Extra Vitamin C and E Don't Prevent Preeclampsia

High doses didn't lower rates of pregnancy complication in low-risk women

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By Serena Gordon
HealthDay Reporter

WEDNESDAY, April 26, 2006 (HealthDay News) -- New research suggests that taking large doses of vitamins C and E won't prevent preeclampsia, a relatively common but potentially dangerous pregnancy complication.

In a study of nearly 2,000 women pregnant for the first time, researchers found that the addition of these antioxidant vitamins didn't decrease the rate of preeclampsia or lower the risk of complications for infants of women with preeclampsia.

"Our study found that for women in the first pregnancy, taking vitamin C and E supplements did not reduce the risk of developing preeclampsia," said study author Alice Rumbold, a postdoctoral research fellow at the University of Adelaide and Women's and Children's Hospital in North Adelaide, Australia.

"However, there was nothing in the results to suggest that the vitamin C and E supplements were harmful to the baby," she added.

Results of the study appear in the April 27 issue of the New England Journal of Medicine.

About 5 percent of all pregnant women in the United States develop preeclampsia, according to the March of Dimes. The first signs are usually high blood pressure and protein in the urine. Risk factors for preeclampsia include: first pregnancy, 10 years since previous pregnancy, carrying multiple fetuses, being overweight, being under 20 or over 35, or having a history of high blood pressure, diabetes, kidney disease, lupus or preeclampsia in a previous pregnancy, according to the March of Dimes.

The current study included 1,877 Australian women who were pregnant for the first time. The researchers excluded women who were pregnant with multiple fetuses and women with chronic health conditions, such as kidney disease and high blood pressure.

Nine hundred and thirty-five women were randomly assigned to receive vitamin therapy and 942 were given a placebo. The vitamin therapy consisted of 1,000 milligrams of vitamin C and 400 international units of vitamin E daily, beginning in the second trimester and continuing until delivery.

The researchers found no statistically significant differences between the two groups. Six percent of the vitamin group developed preeclampsia vs. 5 percent of the placebo group. Rates of death or serious outcomes for the infants were 9.5 percent in the vitamin group and 12.1 percent for the placebo group. The risk of having a low birth weight (below the 10th percentile) baby was 8.7 percent for those receiving vitamin therapy and 9.9 percent for those on placebo.

"This trial addresses the low-risk group of women and vitamin supplementation showed no apparent benefit in reducing the rate of preeclampsia or poor infant outcomes," said Dr. Arun Jeyabalan, an assistant professor in the division of maternal fetal medicine at Magee Women's Hospital at the University of Pittsburgh.

But, she added, "A couple of questions still remain open in my mind." She pointed out that this study was done on Australian women, and that the results in a different population, such as U.S. women, might be different. Also, a larger group of women would provide a more statistically definitive answer regarding the potential benefits or risks of vitamin C and E supplementation.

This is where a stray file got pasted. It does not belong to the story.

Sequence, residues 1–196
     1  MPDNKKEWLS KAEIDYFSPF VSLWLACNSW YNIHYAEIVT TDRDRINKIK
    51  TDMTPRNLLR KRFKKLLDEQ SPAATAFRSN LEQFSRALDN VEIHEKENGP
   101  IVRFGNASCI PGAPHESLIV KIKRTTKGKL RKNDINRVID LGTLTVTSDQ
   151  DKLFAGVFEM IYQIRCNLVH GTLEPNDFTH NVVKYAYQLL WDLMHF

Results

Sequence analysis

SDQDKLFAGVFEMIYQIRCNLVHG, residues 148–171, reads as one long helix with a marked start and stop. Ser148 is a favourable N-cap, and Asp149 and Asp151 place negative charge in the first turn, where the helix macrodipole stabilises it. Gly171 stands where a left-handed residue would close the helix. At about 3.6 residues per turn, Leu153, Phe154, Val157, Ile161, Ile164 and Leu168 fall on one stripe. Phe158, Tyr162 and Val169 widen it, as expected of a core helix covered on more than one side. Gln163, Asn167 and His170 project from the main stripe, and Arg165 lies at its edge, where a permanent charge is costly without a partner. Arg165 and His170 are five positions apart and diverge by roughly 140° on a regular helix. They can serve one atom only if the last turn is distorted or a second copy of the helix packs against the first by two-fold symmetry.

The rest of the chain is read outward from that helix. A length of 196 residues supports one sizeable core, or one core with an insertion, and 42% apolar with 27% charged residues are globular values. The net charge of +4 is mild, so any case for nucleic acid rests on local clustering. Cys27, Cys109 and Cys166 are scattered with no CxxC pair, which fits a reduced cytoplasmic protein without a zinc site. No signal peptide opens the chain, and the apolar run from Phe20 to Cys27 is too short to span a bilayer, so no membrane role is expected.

Dr. Abdulla Al-Khan, director of Perinatal Diagnostics and Therapeutics in the department of Obstetrics, Gynecology and Women's Health at Hackensack University Medical Center, N.J., said he would have liked to have seen this study conducted on women who were already at risk for preeclampsia.

"The risk of preeclampsia is definitely less for those women that they included than for those they excluded. It's not surprising that there is no difference in outcome when you look at a low-risk population," said Al-Khan. "If you target really high-risk patients, maybe then you can get an answer."

Both Jeyabalan and Al-Khan said there's currently not much women can do to prevent preeclampsia. Al-Khan recommended eating a healthy diet full of vitamins and minerals, getting a moderate amount of exercise and reducing your stress levels.

When it came to vitamin supplements, Jeyabalan had this advice: "This is a treatment that at least for now has no clear benefit and women should not take this therapy without being in a trial situation or without careful consultation with their physician."

Additionally, she pointed out that the levels of vitamins used in this study far exceeded those contained in prenatal vitamins. "Any supplementation above and beyond prenatal vitamins should be discussed with your obstetrician," she advised.

More information

To learn more about preeclampsia, visit the March of Dimes.

SOURCES: Alice Rumbold, Ph.D., postdoctoral research fellow, University of Adelaide, Women's and Children's Hospital, North Adelaide, Australia; Arun Jeyabalan, M.D., assistant professor, division of maternal fetal medicine, department of Obstetrics, Gynecology and Reproductive Sciences, Magee Womens Hospital, University of Pittsburgh, Pa.; Abdulla Al-Khan, M.D., assistant professor and director, Perinatal Diagnostics and Therapeutics, department of Obstetrics, Gynecology and Women's Health, Hackensack University Medical Center, Hackensack, N.J.; April 27, 2006, New England Journal of Medicine

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